Stress is your problem. Whether you stop smoking marijuana or not, you need to learn more and better ways to relieve stress.
Start doing tai chi; start doing yoga; meditate; take naps; breathe deeply a lot; do biofeedback. If you are doing any of these activities already, don’t conclude that since you’re doing it a little it must not work. Instead, do it more.
You may need higher doses of yoga to get relief. Also, if you are consuming lots of caffeine, see about cutting back. Try substituting some herbal teas for caffeinated beverages now and then. Notice the difference. Especially in the afternoon, cut out the caffeine so you can get a better night’s sleep.
You will notice things about yourself this way. You will notice the different qualities of consciousness that arise from various techniques. It will be entertaining and interesting. You will notice a gradual improvement in your ability to go through life in a relaxed, worry-free way. Unpleasant activities like work and dealing with power-hungry blockheads will go more smoothly.
During this time, you might want to experiment with not smoking for a time. Pick an occasional time when you are stressed out, and instead of smoking, do 15 minutes of meditation, or some tai chi or yoga.
Don’t try to quit all at once, especially not on your own. Just learn some better relaxation techniques. Take it easy. Look for gradual improvement.
Once you’ve found other ways to relieve stress, you may not feel so fearful about the idea of quitting marijuana for good. Try going without for a few days at a time and see how that goes. You can always smoke. But experience what it’s like to handle life without it. Try to get accustomed to that feeling. You may feel slightly on edge, but take a deep breath of fresh air instead of a hit of weed.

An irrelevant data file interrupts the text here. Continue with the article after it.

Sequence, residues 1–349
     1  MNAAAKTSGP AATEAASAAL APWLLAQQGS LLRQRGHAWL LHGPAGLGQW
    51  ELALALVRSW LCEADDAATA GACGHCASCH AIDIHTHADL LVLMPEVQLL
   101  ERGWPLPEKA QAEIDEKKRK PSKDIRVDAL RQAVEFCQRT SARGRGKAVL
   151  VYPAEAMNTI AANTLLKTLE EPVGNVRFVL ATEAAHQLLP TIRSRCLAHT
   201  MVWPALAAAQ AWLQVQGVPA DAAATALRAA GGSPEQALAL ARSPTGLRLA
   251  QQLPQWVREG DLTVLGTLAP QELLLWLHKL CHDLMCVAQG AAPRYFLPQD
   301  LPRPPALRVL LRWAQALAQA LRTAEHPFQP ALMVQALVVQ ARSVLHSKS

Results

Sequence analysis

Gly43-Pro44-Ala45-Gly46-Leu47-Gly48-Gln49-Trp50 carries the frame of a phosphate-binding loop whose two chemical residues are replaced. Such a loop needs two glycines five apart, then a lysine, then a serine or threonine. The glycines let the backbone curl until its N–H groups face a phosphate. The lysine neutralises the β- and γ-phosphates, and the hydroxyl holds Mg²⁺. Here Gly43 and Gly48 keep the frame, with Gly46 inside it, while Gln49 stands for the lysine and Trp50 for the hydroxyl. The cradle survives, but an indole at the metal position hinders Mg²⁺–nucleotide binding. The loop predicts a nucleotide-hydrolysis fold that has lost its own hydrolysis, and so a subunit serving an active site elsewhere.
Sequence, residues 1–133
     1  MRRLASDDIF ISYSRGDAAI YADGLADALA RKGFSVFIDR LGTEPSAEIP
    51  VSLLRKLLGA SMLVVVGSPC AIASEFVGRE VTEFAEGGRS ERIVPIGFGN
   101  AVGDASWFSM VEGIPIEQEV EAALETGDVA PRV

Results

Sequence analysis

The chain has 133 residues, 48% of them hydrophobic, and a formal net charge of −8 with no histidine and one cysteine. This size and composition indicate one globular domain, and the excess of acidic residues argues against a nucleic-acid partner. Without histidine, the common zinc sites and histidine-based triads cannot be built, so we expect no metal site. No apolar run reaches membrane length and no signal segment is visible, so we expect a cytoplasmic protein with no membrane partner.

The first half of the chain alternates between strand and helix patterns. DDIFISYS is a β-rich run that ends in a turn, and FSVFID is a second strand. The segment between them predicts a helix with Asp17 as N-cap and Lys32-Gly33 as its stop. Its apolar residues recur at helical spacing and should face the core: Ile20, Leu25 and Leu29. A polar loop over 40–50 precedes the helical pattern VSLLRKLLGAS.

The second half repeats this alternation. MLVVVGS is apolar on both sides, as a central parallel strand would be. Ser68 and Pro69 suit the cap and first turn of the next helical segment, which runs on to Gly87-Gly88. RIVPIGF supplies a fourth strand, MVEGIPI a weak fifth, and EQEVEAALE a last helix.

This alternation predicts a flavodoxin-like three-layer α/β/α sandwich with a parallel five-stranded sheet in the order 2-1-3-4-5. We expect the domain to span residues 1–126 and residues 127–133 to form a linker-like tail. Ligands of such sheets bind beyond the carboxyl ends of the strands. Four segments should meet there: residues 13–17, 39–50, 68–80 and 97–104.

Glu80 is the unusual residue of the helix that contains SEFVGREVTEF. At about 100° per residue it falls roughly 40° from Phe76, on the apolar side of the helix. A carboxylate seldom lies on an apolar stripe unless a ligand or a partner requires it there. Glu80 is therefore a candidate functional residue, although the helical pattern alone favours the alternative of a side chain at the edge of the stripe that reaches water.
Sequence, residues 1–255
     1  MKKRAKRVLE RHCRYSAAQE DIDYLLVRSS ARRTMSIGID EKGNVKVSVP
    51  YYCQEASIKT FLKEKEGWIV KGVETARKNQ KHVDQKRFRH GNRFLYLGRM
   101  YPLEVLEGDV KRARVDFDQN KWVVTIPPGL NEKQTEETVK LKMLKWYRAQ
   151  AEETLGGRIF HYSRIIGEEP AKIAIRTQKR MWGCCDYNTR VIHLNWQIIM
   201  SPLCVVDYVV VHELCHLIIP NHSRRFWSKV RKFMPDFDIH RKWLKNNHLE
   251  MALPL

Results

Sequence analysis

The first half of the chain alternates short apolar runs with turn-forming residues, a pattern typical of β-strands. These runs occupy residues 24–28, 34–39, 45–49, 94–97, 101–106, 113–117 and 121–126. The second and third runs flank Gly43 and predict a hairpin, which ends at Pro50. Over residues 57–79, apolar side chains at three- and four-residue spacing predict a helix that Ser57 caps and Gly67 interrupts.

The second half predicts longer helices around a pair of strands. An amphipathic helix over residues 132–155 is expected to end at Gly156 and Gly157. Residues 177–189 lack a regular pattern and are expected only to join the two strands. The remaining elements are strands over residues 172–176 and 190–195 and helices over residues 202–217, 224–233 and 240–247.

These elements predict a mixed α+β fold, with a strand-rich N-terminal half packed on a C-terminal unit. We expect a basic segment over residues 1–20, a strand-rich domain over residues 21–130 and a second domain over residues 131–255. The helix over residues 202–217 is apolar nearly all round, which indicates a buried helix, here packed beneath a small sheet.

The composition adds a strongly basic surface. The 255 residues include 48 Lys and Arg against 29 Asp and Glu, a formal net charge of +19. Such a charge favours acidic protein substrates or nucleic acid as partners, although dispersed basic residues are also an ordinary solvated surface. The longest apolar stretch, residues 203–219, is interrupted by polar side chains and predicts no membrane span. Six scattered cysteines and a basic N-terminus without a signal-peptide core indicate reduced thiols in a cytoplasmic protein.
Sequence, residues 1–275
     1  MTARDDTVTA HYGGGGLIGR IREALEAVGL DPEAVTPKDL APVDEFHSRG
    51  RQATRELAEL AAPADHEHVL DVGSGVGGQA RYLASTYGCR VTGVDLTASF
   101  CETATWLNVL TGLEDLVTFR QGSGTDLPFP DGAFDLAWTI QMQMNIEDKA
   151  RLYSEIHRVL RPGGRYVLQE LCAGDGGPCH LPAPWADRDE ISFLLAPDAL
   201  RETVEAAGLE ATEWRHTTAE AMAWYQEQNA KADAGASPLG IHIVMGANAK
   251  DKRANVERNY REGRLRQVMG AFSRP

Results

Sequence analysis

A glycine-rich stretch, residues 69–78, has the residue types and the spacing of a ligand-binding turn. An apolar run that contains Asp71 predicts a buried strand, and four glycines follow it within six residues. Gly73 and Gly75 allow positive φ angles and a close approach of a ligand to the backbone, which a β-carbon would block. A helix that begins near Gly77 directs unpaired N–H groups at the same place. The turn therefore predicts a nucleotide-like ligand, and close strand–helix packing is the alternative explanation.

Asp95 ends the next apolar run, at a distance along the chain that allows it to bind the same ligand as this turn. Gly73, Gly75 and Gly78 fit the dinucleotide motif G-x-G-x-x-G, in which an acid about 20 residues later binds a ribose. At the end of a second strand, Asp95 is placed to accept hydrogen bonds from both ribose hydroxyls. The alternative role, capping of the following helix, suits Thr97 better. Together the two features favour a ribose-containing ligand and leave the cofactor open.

The thing is, whether you call yourself an addict or not, changing habitual behavior is hard, and it’s especially hard to do alone. It’s hard to do without a program. It takes time, effort and support, and there are ups and downs. So I wouldn’t recommend trying to stop smoking marijuana on your own, or just with your fiancé.
As you say, for a variety of reasons, you are going to want to quit. So what I’m suggesting is that you prepare, in these ways, for the day when you will need to quit. I’m sure marijuana gives you other things besides stress relief; it probably gives you a heightened sense of the beauty of life, of tastes and sounds, and of general well-being. These things you may need to seek out in life; I find that there are other ways to feel these momentary highs. Seek them out.
For quitting things, as you probably know, I favor the 12-step method because it has added benefits: It helps you get your life together and is a lasting program of living. It is a community. It works for a lot of things.
When and how you quit is up to you. I can say that based on experience, it is definitely possible. You can quit and lead a normal, happy life, when you’re ready to. My bottom line is just that A) You should acquire new stress-relief methods first, before trying to quit, and B) what was B? Oh yeah, B) Don’t try to quit on your own. If and when you do decide to quit, do it with a group or a program behind you.
And, hey: Good luck. You sound like really nice people and I wish you the best in life. And say hello to the kids when they come. And say hello to the mountains.